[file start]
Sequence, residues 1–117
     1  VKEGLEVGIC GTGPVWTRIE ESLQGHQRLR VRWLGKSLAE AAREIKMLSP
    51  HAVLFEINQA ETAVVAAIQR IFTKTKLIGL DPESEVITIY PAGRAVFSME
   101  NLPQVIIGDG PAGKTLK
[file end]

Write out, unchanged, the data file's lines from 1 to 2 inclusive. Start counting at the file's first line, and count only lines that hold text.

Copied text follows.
Sequence, residues 1–117
     1  VKEGLEVGIC GTGPVWTRIE ESLQGHQRLR VRWLGKSLAE AAREIKMLSP